Debate around the FIV vaccine for cats

When the pet vaccine for FIV (Feline Immunodeficiency Virus) was announced in March 2002, it met with enthusiasm from the medical community, not only for its potential value for cats but also for its research into a vaccine against human AIDS. Also for capacity.+

The patents for the FIV vaccine are owned by the University of California and the University of Florida, and were licensed to Fort Dodge Animal Health, a division of Bohhringer Ingelheim, for manufacturing, under the name “Fel-O-Wax FIV”. In 2015, the vaccine was removed from the market and is now in the US. And is not licensed for use in Canada.+

History of FIV and FIV Vaccines

The FIV virus was first isolated in cats in 1986 by immunologists Janet Yamamoto and Niels Pedersen. Yamamoto began working on a vaccine for FIV and later continued his work at the University of Florida with researchers at Fort Dodge Animal Health. Paderson, who was the director of the Center for Companion Animal Health, is considered an expert in the field of retroviruses and immunological disorders of small animals. He took Dr. Yamamoto is held responsible for the approval of the FIV vaccine, for his long-standing devotion to the project.+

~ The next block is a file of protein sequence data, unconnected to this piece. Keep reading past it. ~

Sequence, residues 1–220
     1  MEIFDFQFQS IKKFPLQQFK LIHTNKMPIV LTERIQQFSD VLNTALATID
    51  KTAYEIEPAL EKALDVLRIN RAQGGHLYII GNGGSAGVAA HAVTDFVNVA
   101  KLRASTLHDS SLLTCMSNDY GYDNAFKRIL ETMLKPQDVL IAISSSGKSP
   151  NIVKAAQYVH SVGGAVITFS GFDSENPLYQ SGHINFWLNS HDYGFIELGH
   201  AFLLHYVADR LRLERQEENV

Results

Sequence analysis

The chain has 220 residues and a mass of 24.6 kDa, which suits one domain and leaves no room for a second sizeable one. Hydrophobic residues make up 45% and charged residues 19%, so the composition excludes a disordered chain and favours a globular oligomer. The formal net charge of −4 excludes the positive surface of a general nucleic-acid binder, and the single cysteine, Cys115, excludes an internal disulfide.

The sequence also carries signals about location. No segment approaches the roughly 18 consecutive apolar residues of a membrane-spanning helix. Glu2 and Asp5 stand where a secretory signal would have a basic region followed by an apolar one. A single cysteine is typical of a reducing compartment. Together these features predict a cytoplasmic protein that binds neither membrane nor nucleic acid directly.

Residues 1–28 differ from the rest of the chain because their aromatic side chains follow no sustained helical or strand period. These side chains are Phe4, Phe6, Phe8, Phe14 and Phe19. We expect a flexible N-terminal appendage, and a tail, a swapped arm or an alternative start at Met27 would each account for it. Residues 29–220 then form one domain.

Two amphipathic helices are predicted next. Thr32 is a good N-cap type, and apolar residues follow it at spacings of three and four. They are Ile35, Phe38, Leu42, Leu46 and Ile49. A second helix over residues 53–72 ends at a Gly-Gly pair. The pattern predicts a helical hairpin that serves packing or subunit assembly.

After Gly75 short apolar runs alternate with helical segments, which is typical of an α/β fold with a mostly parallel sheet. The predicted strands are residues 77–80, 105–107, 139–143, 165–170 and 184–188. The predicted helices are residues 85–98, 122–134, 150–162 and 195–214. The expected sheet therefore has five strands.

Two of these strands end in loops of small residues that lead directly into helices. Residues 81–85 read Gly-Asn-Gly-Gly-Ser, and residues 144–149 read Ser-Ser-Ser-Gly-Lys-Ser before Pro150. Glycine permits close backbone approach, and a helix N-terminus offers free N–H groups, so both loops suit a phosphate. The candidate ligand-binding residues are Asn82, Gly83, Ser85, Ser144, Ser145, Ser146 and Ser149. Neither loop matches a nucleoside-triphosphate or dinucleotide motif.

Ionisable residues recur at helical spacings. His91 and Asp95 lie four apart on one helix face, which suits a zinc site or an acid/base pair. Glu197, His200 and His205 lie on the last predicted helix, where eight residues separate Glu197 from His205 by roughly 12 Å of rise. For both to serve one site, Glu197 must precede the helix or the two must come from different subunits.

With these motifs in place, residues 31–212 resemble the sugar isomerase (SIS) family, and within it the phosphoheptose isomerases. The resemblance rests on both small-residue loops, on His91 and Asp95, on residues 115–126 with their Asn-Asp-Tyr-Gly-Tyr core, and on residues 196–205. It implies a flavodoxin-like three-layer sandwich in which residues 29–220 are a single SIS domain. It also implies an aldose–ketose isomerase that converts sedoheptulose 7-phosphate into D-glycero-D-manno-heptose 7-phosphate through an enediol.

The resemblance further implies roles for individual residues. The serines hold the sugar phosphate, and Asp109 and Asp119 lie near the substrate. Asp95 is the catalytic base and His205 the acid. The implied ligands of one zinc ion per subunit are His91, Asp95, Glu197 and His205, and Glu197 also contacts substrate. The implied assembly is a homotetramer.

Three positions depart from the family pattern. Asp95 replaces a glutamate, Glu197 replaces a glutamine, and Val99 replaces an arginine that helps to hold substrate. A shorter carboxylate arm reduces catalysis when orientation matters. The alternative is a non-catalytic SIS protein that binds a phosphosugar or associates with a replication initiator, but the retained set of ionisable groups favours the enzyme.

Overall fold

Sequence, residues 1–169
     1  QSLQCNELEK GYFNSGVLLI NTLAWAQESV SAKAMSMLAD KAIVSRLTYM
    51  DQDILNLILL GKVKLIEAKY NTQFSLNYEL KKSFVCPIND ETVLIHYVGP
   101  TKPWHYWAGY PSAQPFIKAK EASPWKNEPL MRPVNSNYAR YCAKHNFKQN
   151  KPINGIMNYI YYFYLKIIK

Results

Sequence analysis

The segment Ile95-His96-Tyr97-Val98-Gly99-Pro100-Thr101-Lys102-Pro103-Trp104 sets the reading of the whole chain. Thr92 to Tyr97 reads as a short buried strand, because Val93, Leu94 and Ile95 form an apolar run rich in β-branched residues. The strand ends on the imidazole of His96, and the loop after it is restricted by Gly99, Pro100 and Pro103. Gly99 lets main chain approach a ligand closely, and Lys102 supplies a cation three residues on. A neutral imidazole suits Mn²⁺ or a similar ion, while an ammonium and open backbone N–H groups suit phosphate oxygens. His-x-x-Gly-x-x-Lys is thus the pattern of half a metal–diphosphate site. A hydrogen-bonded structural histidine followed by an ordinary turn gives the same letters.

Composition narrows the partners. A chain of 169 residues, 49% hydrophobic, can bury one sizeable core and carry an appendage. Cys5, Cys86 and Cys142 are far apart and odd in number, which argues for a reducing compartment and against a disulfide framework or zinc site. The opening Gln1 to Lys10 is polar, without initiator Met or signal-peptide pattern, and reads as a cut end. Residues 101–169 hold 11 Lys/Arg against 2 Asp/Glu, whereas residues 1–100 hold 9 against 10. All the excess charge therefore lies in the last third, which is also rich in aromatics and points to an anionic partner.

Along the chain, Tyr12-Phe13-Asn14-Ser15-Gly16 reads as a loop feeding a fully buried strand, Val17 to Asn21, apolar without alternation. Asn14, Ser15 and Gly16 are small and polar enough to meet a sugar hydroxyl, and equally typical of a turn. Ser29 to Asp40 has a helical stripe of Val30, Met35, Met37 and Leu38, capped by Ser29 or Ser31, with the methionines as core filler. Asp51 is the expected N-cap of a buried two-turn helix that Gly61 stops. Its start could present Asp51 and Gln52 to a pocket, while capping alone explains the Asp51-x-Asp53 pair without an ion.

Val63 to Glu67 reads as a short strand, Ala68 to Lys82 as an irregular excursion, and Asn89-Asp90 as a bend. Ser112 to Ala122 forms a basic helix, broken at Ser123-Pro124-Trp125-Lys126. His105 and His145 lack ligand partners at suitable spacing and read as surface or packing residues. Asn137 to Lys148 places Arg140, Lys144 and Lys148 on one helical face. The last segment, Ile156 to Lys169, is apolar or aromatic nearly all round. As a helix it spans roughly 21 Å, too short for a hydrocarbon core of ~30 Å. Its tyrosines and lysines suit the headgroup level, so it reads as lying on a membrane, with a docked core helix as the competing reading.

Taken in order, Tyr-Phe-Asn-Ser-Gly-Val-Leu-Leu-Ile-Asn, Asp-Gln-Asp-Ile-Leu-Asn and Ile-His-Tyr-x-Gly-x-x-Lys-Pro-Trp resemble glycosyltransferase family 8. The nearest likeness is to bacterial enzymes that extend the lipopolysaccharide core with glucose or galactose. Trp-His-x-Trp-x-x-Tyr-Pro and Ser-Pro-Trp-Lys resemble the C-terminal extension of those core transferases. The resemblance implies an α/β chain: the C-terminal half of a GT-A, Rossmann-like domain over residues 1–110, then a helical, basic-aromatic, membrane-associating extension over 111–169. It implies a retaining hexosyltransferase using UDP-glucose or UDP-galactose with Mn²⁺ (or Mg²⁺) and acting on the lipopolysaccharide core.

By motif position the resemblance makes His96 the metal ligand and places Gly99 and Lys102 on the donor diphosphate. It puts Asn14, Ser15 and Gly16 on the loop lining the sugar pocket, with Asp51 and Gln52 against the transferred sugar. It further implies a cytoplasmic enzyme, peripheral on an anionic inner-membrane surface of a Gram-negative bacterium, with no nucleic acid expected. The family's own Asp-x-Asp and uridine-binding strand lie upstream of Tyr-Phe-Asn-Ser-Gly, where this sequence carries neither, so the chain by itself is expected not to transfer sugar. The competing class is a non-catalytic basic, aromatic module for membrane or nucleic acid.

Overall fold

Potential concerns

Shortly after the announcement of FDA approval for the FIV vaccine, emails began circulating among cat rescue groups as a fatal flaw: All current methods of testing for the FIV virus were “positive” for cats to be vaccinated. FIV vaccine will appear. The implications of what this means for owners and vaccinated cats can be dangerous. If a vaccinated cat is lost or simply picked up by an animal control officer, it can be assumed to be a FIV positive cat.+

There is no way to know if a “positive” cat is actually infected and which cat has simply been vaccinated against FIV. No wonder the reception of this vaccine was less than enthusiastic among the greater community of cat lovers, particularly in the US where only 2 percent of FIV cats are “at risk”.+

In response to numerous investigations by veterinarians and rescue groups, the American Association of Feline Practitioners (AAFP) issued a FIV vaccine brief, but did not provide concrete recommendations.+

Other reasons for concern

Although there are five strains (called clades) of FIV, the vaccine was developed using only two strains. Clad Bee, who U.S. Is common in, especially in the former, neither of those two, nor was the vaccine’s effectiveness tested against clade B. This means that vaccinated cats may not be fully protected against FIV.+

Despite its low incidence in the United States, FIV is a dangerous disease. While cats can live a good quality of life for years, it is ultimately fatal. While this vaccine was a huge success in the scientific world, and its potential is significant, as of now, it is not a practical form of protection for our cats.+

What Vaccines do My Kittens Need and When? If you suspect that your pet is ill, call your doctor immediately. For health questions, always consult your vet, as they have examined your pet, know the pet’s health history and can make the best recommendations for your pet.

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